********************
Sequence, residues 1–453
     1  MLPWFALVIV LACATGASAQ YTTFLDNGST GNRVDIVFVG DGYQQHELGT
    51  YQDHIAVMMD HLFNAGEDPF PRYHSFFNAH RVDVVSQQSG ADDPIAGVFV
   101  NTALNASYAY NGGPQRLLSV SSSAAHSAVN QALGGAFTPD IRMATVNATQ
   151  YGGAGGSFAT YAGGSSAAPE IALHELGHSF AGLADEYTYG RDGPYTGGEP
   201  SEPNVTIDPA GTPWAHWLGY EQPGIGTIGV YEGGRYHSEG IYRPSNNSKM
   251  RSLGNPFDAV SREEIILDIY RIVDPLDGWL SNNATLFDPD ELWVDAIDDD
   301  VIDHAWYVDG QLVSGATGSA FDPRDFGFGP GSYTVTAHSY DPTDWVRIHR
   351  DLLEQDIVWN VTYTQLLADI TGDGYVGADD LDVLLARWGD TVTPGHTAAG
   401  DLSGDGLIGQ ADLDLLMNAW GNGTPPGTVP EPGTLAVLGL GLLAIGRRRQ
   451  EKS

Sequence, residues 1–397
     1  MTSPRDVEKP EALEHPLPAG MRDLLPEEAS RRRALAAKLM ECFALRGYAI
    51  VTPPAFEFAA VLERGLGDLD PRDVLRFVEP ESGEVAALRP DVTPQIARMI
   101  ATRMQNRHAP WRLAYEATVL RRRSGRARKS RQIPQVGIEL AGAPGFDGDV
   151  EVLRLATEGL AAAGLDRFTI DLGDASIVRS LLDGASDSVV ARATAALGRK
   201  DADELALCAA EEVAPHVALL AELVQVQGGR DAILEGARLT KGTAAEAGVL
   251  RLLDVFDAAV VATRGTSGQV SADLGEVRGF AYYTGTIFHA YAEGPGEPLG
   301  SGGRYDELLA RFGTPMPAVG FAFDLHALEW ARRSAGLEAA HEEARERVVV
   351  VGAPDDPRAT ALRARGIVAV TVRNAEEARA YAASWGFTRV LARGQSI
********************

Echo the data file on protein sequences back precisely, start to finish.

Sequence, residues 1–453
     1  MLPWFALVIV LACATGASAQ YTTFLDNGST GNRVDIVFVG DGYQQHELGT
    51  YQDHIAVMMD HLFNAGEDPF PRYHSFFNAH RVDVVSQQSG ADDPIAGVFV
   101  NTALNASYAY NGGPQRLLSV SSSAAHSAVN QALGGAFTPD IRMATVNATQ
   151  YGGAGGSFAT YAGGSSAAPE IALHELGHSF AGLADEYTYG RDGPYTGGEP
   201  SEPNVTIDPA GTPWAHWLGY EQPGIGTIGV YEGGRYHSEG IYRPSNNSKM
   251  RSLGNPFDAV SREEIILDIY RIVDPLDGWL SNNATLFDPD ELWVDAIDDD
   301  VIDHAWYVDG QLVSGATGSA FDPRDFGFGP GSYTVTAHSY DPTDWVRIHR
   351  DLLEQDIVWN VTYTQLLADI TGDGYVGADD LDVLLARWGD TVTPGHTAAG
   401  DLSGDGLIGQ ADLDLLMNAW GNGTPPGTVP EPGTLAVLGL GLLAIGRRRQ
   451  EKS

Sequence, residues 1–397
     1  MTSPRDVEKP EALEHPLPAG MRDLLPEEAS RRRALAAKLM ECFALRGYAI
    51  VTPPAFEFAA VLERGLGDLD PRDVLRFVEP ESGEVAALRP DVTPQIARMI
   101  ATRMQNRHAP WRLAYEATVL RRRSGRARKS RQIPQVGIEL AGAPGFDGDV
   151  EVLRLATEGL AAAGLDRFTI DLGDASIVRS LLDGASDSVV ARATAALGRK
   201  DADELALCAA EEVAPHVALL AELVQVQGGR DAILEGARLT KGTAAEAGVL
   251  RLLDVFDAAV VATRGTSGQV SADLGEVRGF AYYTGTIFHA YAEGPGEPLG
   301  SGGRYDELLA RFGTPMPAVG FAFDLHALEW ARRSAGLEAA HEEARERVVV
   351  VGAPDDPRAT ALRARGIVAV TVRNAEEARA YAASWGFTRV LARGQSI